This topic hits pretty close to home for the 108Warren Commission family, as Mrs. 108Warren Commission works for a leading academic/scientific publisher...
Michael Nielsen in his blog posted an excellent piece on the nature of disruptive technologies and their impact. He starts with a discussion of why Industries fail -- and pointing out that while it is easy to claim that the leaders of those industries that are failing are either stupid or malevolent (his terminology), that is rarely the case. Instead, he points out that it is the development of a disruptive technology that opens new opportunities that successful firms are blind to, as a result of the nature of what has made them successful.
He follows this up with evidence that the same forces are now at play in the Scientific Publishing industry. He points to the development of successful science blogs in which serious levels of research are being discussed, and lists a number of additional examples.
I don't disagree with Mr. Nielsen's premise -- in fact, I think his point about the impact of disruptive technology and its role in the failure (past or impending) of leading companies and industries is perhaps one of the most important and under-reported issues in both traditional and new media today.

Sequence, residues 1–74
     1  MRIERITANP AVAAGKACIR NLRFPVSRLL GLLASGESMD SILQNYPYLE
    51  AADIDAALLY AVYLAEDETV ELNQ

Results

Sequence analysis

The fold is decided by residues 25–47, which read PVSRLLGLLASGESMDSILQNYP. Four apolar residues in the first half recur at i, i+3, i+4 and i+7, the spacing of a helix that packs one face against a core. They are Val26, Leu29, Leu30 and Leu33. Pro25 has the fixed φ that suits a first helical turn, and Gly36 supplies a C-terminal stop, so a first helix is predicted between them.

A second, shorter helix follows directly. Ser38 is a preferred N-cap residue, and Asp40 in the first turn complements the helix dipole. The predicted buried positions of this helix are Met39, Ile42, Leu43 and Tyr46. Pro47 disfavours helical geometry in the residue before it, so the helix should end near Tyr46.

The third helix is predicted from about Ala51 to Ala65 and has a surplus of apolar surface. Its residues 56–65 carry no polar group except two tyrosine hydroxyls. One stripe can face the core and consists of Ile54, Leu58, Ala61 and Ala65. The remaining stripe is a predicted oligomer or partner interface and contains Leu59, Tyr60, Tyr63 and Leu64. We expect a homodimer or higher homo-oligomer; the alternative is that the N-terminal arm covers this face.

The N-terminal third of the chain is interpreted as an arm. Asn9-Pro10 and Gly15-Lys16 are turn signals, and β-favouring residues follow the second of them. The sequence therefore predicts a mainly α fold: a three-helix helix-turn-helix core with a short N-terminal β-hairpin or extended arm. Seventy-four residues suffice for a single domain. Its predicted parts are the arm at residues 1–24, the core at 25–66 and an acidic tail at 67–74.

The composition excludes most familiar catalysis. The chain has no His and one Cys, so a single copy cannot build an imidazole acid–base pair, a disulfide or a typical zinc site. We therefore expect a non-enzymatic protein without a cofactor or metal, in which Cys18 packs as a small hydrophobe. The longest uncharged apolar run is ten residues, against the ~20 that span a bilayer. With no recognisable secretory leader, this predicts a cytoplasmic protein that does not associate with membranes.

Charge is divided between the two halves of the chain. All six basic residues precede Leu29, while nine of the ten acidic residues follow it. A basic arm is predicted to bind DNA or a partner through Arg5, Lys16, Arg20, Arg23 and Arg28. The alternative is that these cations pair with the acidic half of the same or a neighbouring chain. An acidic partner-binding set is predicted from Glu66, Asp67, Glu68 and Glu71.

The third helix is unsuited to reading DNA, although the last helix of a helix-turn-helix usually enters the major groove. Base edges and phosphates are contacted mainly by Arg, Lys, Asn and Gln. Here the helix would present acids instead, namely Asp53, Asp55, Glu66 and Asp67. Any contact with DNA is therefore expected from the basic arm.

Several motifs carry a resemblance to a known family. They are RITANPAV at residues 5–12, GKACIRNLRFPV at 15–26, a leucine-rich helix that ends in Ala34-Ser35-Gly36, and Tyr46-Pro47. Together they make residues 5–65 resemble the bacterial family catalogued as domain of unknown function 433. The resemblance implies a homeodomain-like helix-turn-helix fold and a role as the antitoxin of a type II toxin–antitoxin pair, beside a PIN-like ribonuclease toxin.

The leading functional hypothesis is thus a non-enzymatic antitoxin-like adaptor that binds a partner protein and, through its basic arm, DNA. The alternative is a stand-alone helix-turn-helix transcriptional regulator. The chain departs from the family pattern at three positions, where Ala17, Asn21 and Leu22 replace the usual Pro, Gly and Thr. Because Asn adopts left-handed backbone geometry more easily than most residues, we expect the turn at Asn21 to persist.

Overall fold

What is missing from his essay is any discussion of the atmosphere that drives the publication of scientific papers -- the publish or perish paradigm in higher education. While it may not eliminate the risk that Mr. Nielsen has sketched out, this significant externality will certainly play a role in how this industry copes with technological disruption.
Here is a simple link to Mr. Nielsen's article: http://michaelnielsen.org/blog/?p=629.
What should I ask Mary Roach?
5 hours ago